"Él acaba de comer."
Translation:He just ate.
There is nothing to fix. I am a mod; however, I am not a course contributor so even if there were something to fix I could not fix it.
I gave an accepted answer "he finishes eating" and it left me wondering how it could be right. Glad jfgordy did the searching or I would be in the dark. I don't know if I can state this correctly but it sounds like while in the past tense it has to be the immediate recent past. Correct? What's the terminology? Anyone aware of other similar idioms?
I always learned (and used) acabar de as "just" in the sense of just did something. -- Acabo de llegar = "I just arrived" Él acaba de salir = "He just left" -- that kind of thing. I don't really understand why; I just thought of it as an idiom.
acabar de + infinitive" means to just have done or finished something, as Daniel-in BC said . If you mean are there other verbs that take preposition "de" plus an infinitive, here is short reference: http://spanish.about.com/od/infinitives/a/verb-de-infinitive.htm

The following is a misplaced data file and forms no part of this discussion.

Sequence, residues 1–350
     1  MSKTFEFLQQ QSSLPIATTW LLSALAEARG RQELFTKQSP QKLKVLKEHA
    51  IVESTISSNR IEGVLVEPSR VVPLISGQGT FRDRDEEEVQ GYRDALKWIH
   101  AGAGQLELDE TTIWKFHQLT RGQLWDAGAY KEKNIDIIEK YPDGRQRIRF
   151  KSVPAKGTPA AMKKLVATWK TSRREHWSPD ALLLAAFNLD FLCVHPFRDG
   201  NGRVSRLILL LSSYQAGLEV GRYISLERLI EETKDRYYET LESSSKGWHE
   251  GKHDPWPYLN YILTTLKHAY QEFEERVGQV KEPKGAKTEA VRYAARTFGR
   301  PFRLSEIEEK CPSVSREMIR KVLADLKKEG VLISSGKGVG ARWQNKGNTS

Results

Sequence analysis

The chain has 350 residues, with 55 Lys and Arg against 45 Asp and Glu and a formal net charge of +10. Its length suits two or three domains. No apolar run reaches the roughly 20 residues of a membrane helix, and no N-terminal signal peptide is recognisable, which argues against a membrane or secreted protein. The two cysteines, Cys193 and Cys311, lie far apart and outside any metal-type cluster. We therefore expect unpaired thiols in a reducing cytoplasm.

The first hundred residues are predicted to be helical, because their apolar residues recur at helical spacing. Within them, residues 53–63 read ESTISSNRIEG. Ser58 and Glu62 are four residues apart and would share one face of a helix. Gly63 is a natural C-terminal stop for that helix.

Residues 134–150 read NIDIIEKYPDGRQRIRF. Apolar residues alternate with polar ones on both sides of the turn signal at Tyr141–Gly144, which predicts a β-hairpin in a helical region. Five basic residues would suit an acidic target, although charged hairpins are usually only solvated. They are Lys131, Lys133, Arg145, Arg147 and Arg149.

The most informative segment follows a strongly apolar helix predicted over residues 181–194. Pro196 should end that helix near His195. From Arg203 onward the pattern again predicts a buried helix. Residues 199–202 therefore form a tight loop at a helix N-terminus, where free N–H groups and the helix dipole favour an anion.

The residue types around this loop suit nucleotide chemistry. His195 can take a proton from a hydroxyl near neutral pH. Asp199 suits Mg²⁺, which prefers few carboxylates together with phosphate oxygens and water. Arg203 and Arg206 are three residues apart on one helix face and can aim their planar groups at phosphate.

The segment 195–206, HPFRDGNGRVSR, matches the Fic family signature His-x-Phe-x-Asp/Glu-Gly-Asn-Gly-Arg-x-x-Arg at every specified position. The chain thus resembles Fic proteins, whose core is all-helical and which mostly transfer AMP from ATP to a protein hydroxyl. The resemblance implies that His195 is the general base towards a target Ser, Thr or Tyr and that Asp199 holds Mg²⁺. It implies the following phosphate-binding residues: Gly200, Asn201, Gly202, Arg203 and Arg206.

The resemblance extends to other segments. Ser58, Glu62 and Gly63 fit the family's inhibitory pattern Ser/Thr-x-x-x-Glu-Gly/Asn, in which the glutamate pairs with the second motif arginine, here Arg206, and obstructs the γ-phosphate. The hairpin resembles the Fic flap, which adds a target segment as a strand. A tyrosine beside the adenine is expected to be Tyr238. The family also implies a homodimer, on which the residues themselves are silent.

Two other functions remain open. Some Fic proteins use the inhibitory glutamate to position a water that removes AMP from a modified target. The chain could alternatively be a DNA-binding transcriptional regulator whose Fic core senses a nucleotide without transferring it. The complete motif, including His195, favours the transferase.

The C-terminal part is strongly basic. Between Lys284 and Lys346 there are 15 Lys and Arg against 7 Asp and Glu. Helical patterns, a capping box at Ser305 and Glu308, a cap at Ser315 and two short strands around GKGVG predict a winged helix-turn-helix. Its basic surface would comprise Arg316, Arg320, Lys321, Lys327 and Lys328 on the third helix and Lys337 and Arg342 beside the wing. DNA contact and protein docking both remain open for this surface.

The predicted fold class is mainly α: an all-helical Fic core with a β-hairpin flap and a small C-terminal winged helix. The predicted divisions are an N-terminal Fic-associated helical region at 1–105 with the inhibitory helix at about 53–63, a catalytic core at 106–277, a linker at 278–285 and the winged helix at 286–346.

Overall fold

So it seems that in Spanish the present + infinitive translates into "just" + past tense (what is that called anyway?) in English. Is this always the case?
I'm not quite sure I understand what you're asking.
A present form of acabar + de translates as "just [did something]" in English: Acabo de llegar = "I just arrived" Él acaba de salir = "He just left" -- that kind of thing. But this is an idiom with acabar, not a general rule with verbs.
There are other constructions, such as tener+ que + infinitive = "to have to ... " and ir + a + infinitive = "to be going to [do something]"
past tense (what is that called anyway?)
Past participle. Spanish has one as well, but it only seems to be used in the perfect tense.
I have put He finished eating and it was correct before now it wants just finished eating. Whether he just finished eating or not he still finished eating and I believe that it should be accepted.